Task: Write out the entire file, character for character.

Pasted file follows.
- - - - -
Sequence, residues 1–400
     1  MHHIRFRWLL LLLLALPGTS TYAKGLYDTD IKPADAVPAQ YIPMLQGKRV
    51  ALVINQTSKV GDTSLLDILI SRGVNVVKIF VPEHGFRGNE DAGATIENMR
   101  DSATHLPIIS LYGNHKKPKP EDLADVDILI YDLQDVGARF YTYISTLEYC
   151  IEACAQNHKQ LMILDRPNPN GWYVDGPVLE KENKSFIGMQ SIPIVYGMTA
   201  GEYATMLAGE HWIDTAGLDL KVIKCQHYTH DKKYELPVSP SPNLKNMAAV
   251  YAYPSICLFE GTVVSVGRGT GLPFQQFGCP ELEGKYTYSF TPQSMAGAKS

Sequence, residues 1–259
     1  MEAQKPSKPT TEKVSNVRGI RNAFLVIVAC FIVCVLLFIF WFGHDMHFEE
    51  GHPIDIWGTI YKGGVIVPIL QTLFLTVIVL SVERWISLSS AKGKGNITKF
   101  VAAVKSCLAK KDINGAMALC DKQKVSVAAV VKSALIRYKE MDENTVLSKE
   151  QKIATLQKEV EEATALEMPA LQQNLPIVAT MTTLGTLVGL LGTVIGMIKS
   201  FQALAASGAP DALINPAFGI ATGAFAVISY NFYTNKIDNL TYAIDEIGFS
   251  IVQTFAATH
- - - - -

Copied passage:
Sequence, residues 1–400
     1  MHHIRFRWLL LLLLALPGTS TYAKGLYDTD IKPADAVPAQ YIPMLQGKRV
    51  ALVINQTSKV GDTSLLDILI SRGVNVVKIF VPEHGFRGNE DAGATIENMR
   101  DSATHLPIIS LYGNHKKPKP EDLADVDILI YDLQDVGARF YTYISTLEYC
   151  IEACAQNHKQ LMILDRPNPN GWYVDGPVLE KENKSFIGMQ SIPIVYGMTA
   201  GEYATMLAGE HWIDTAGLDL KVIKCQHYTH DKKYELPVSP SPNLKNMAAV
   251  YAYPSICLFE GTVVSVGRGT GLPFQQFGCP ELEGKYTYSF TPQSMAGAKS

Sequence, residues 1–259
     1  MEAQKPSKPT TEKVSNVRGI RNAFLVIVAC FIVCVLLFIF WFGHDMHFEE
    51  GHPIDIWGTI YKGGVIVPIL QTLFLTVIVL SVERWISLSS AKGKGNITKF
   101  VAAVKSCLAK KDINGAMALC DKQKVSVAAV VKSALIRYKE MDENTVLSKE
   151  QKIATLQKEV EEATALEMPA LQQNLPIVAT MTTLGTLVGL LGTVIGMIKS
   201  FQALAASGAP DALINPAFGI ATGAFAVISY NFYTNKIDNL TYAIDEIGFS
   251  IVQTFAATH